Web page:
Ema: Well, I cannot play all the new games available, even if I would like to try. Each new game could be a source of inspiration so they’re worth a try; however, I’m not doing this very regularly. It happened that when I was working on Oltremare, the first version made by Mind the Move, Goa was released (in February). The main theme of Oltramare was the trade of the spices, but I decided to change the theme once I discovered Goa used the same one. 

What game mechanics interest you?  The games of yours that I have played do not have much luck-based play (which I like).
Ema: I like to vary the mechanics I use. Oltramare is a collecting game with some trading; Il Principe and Byzanz use auctions; Hermagor has an original multi-auction or multi-placement mechanism; Assyria is a resource and building management game; Fantasy Pub, the first one, is probably the most luck-driven because it uses dice.

How original do you try and make your ideas so they stand out?
Ema: I think there are few very original games. There have been some milestones which have made history in boardgames: Magic the gathering started a new kind of game; El Grande started the series of the majority games; Verrater/Citadels/Puerto Rico were the first games using roles; Caylus used worker placement; Pandemic is the most famous collaborative game. So, I do not think it’s easy to have a very original game. I am trying to approach it more the way I described: To use a mechanism I like whilst adding some difference. Can this be called original? Maybe, yes. For sure I don’t like to design a game too similar to another one.  I don’t see any need to play Cuba, The pillars of earth or other similar games if I can play Caylus.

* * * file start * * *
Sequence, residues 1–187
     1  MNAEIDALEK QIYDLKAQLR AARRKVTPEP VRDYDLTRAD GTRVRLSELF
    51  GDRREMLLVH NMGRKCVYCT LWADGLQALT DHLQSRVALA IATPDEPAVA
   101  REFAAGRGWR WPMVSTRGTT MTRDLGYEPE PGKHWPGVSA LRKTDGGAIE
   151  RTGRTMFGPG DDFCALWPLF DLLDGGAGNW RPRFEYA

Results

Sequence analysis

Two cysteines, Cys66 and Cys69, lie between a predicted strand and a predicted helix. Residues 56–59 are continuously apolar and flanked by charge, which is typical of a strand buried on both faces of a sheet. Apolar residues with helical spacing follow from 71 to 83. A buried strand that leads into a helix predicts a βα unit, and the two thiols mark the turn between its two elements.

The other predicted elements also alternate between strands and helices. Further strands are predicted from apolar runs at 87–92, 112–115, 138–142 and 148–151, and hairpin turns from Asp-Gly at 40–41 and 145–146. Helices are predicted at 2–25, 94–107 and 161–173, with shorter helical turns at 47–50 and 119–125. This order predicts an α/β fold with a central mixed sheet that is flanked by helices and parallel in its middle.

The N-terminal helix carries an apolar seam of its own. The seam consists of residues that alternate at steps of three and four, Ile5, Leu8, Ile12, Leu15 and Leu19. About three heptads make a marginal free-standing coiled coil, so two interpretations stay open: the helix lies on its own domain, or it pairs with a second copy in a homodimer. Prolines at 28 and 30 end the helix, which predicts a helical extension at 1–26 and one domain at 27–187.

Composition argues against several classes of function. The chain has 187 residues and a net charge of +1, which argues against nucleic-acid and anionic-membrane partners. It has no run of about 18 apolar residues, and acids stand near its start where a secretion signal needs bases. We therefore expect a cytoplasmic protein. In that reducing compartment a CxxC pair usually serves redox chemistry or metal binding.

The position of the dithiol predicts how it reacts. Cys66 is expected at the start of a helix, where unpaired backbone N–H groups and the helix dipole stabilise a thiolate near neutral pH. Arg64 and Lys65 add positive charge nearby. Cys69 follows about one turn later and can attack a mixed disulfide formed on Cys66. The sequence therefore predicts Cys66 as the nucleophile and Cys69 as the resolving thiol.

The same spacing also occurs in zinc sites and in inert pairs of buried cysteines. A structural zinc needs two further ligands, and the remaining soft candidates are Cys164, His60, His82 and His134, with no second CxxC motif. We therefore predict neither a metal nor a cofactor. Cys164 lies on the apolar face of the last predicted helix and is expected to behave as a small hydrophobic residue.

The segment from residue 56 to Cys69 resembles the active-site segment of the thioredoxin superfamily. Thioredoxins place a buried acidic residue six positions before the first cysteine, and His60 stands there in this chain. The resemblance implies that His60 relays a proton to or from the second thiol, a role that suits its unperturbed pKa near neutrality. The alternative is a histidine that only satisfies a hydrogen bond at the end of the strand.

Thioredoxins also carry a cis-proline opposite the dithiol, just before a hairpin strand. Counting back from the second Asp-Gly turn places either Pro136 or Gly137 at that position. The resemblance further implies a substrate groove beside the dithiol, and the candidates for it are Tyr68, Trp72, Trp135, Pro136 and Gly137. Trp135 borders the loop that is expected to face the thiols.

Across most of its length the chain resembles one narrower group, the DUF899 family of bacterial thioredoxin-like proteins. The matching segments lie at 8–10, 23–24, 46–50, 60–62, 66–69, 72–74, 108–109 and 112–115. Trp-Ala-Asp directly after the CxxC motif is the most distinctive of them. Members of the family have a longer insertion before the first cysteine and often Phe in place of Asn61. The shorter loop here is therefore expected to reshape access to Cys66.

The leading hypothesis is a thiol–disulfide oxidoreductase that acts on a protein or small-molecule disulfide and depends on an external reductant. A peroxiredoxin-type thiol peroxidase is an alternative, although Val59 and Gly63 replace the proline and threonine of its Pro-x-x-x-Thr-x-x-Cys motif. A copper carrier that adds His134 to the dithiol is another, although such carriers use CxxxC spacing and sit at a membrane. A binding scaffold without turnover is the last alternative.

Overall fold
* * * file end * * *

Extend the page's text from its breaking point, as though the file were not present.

That’s the end of part one.  Read the second and concluding part of the interview.  Also, you can read a review of Assyria too.


2 Responses to “Interview: Emanuele Ornella (Part 1)”

  1. Jacob Says:

    The interviews are a great idea. I’m interested in reading more of them. Looking forward to part 2 tomorrow!

  2. Eisley Says:

    Excellent. Thanks for the feeedback, Jacob. I’m hoping to have more interviews in the future.